Amid some fairly rough-and-ready communist-era concrete constructions, there are some nice beach cafs and restaurants, and of course the sea itself. (The following morning I take a dip and experience the strange sweetness of the Black Sea it has barely any salt.)

Around the bay, I can just about make out the Chateau Euxinograd, a grand-looking retreat that in its time has been favoured by Bulgarian nobility, leading members of the Politburo (Todor Zhivkov came every summer), visiting heads of state and today surprise, surprise the country's leading politicians.

Valery is keen to show me more of Varna's treasures, and takes me to see the town's ace card: the gold exhibits in the Archaeological Museum. These finely crafted pieces of jewellery and bodily adornments, discovered in 1972, are more than 6,000 years old and are said to be the earliest of their kind in the world.

There is more gold (or gold plate) on the six domes of the town's landmark Cathedral of the Assumption. It is a typically lavish Orthodox affair with ornate stained-glass windows, huge wooden chandeliers and beautifully painted icons (I spot one of St George). It was built in gratitude to the Russian forces that liberated the country from the Turks. "We are very grateful to the Russians for our liberty; very grateful," Valery says.

The Bulgarians who in addition to the Orthodox religion also share the Cyrillic script with the Russians were so grateful that years later they unofficially asked Moscow if they could join the Soviet Union. (Brezhnev said no.)

On the square outside the cathedral, venue for past May Day parades, card-playing men slap down their hands with extraordinary vigour while vendors peddle mini icons and hip flasks bearing the face of Lenin.

The old part of Varna has been well preserved: it has pleasant tree-lined avenues, pedestrianised squares and a slightly Greek, westernised feel.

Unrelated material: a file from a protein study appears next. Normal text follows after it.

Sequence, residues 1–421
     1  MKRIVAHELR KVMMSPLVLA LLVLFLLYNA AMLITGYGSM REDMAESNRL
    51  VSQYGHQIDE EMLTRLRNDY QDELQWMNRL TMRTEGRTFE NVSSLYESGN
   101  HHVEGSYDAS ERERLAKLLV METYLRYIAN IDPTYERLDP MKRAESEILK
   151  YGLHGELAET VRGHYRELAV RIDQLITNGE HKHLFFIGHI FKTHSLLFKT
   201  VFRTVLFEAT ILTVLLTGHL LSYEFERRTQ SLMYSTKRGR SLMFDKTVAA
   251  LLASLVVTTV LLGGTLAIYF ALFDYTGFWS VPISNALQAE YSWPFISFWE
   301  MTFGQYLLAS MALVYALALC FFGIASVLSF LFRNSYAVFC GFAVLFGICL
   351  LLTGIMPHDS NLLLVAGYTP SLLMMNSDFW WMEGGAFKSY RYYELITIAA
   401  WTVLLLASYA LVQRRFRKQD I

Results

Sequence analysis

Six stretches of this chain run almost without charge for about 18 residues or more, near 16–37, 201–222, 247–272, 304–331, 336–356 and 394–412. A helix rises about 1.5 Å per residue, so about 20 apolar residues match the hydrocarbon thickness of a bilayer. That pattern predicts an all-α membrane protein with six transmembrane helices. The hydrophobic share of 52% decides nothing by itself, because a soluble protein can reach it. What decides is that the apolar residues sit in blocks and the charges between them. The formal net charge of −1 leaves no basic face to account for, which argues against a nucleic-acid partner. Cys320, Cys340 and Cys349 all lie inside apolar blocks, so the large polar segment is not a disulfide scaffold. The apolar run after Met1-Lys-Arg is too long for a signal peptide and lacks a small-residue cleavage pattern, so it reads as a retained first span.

We press on, taking in the extensive ruins of the Roman baths, the vast bridge over the lake and a quirky little history museum focusing on Varna's Twenties heyday when it was first declared a tourist venue and began staging beauty contests.

The town still has plenty of beauties (and clubs with names such as Moulin Rouge in which many are to be found). I refrain from going down that avenue.

Instead I meet Robert again and we dine at a lively-looking restaurant called The House. It has an authentically Bulgarian feel and delicious food I go for the lamb chops with grilled peppers and yogurt and white cheese. To accompany it we order a bottle of No Man's Land red, produced from grapes grown in what used to be the guarded stretch of land separating Bulgaria from Greece. It is very smooth (Churchill used to enjoy similar wines from nearby Melnik).

It seems fitting to be drinking No Man's Land wine as we toast the tearing down 20 years ago this autumn of the Iron Curtain.

The restaurant is full of chatter and laughter, and there is a general sense of wellbeing. We are probably the only foreigners there. At one point someone gets up and performs an impromptu Balkan dance. He is cheered and applauded wildly.

We drink another toast to good times ahead.

My journey is at an end. Gdansk feels like a long time ago. So does 1989. We've all moved on. It's called travelling.